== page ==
Faculty Resources & ASEM
The Writing Program has a long history of supporting faculty who are teaching writing through resources, workshops, brown bag conversations, Writing Across the Curriculum (WAC) learning opportunities, pedagogical consultations, and Writing Center support.
List of Resources
Advanced Seminar (ASEM)
While knowledge and professional skills found in a student's major and minor are important foundations for accomplishment, successful individuals also must be able to navigate a complex political, social, cultural and economic environment that challenges more traditionally limited concepts of higher education and competencies.Learn more...
Teaching a writing-intensive course or any course with writing in it? Our resources, developed in line with best practices writing pedagogy, can be useful for faculty or graduate teaching assistants who need to design, revise, or scaffold writing assignments, assess student writing, integrate low-stakes, writing-to-learn activities into class sessions, and more.Learn More...
Writing Accountability Groups
A partnership between the Writing Program and the Office of Faculty Affairs, the Writing Accountability program hosts small, facilitated groups to support faculty research and work-life balance year-long. Drawing on NCFDD and DU professional development resources, participants meet weekly to identify and support advancement of individual projects. Rather than exchanging manuscripts or reviewing content, however, group conversations focus on the process of writing.
Writing Across the Curriculum (WAC)
This year, we are exploring cohort-based models for faculty engagement with Writing Across the Curriculum (WAC) learning opportunities.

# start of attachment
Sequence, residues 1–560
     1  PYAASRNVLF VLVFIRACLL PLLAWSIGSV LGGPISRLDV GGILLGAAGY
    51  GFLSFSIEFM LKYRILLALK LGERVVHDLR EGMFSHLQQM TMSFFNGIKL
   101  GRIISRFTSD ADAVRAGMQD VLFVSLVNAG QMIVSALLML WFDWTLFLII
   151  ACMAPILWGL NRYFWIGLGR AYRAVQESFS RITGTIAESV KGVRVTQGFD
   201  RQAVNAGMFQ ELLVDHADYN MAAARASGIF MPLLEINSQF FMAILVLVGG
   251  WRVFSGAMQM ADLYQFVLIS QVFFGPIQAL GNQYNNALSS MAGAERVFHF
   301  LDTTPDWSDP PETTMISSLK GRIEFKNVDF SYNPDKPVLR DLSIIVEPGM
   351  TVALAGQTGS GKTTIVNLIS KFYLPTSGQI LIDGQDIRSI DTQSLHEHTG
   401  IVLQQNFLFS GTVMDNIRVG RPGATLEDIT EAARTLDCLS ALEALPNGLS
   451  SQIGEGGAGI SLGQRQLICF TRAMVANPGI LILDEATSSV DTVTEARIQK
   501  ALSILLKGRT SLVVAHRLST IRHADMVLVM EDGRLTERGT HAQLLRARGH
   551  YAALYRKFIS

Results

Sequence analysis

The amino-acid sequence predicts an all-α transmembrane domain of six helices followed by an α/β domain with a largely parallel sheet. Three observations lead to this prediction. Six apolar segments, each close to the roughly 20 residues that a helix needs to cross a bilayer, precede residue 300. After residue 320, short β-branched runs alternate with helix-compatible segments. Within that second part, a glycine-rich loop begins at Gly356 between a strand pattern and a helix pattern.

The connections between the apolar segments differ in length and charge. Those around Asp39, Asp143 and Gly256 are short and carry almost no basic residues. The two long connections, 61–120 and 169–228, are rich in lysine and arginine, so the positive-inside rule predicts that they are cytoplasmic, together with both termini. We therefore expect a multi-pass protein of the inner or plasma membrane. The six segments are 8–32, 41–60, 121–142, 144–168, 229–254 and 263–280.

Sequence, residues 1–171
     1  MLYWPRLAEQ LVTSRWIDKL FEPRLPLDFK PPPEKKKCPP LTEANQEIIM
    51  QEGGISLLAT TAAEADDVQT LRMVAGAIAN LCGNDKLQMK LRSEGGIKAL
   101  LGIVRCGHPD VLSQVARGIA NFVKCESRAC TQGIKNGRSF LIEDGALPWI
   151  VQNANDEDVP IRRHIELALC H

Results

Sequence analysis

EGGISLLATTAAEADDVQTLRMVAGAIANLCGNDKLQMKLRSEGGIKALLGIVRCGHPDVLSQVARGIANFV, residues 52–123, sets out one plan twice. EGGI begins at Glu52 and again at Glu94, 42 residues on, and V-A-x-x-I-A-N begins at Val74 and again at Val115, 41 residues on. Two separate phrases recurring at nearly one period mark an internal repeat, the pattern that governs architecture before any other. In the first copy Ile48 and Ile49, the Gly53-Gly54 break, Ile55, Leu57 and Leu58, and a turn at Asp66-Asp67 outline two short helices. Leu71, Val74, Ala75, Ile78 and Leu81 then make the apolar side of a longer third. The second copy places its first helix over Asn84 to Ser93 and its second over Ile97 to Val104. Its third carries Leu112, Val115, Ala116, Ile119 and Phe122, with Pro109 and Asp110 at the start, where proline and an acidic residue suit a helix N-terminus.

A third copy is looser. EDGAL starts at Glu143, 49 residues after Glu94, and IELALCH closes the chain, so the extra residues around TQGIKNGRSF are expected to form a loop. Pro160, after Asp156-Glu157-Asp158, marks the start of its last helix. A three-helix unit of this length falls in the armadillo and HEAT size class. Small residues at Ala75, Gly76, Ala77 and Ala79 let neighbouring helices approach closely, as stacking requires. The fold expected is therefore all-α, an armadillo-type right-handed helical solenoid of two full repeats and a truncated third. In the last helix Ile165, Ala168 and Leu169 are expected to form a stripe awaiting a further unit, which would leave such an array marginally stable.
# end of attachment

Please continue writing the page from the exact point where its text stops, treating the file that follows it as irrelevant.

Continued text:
If you are interested in conversations about WAC or in setting up a 45-minute conversation with a writing faculty member, please write to our WAC Fellow, Dr. Nicole Turnipseed.
Writing Center Support
Faculty can support their student writers with the help of the Writing Center, which not only offers individual and small-group consultations all undergraduate and graduate students but also can visit your class to talk with students about how to make the most of their Writing Center visits, present briefly on effective writing practices, arrange peer reviews, and offer resources. The Writing Center can also arrange individual consultations with you and a writing faculty member to talk about your teaching of writing.
Preparing your class for a presentation and looking to have posters made?
The Writing Program & Writing Center can offer your student group support for effective research poster design, including live and recorded workshops and resources.
We also offer poster printing to DU students, faculty, and staff for research and academic presentations for a nominal fee.
Statement on Generative AI and Writing
It is the University Writing Program’s position that genAI is a powerful and productive development in the long history of literacy technologies, and that the teaching of writing should include methods of integration and collaboration with these technologies while also interrogating the rhetorical and ethical dimensions of genAI.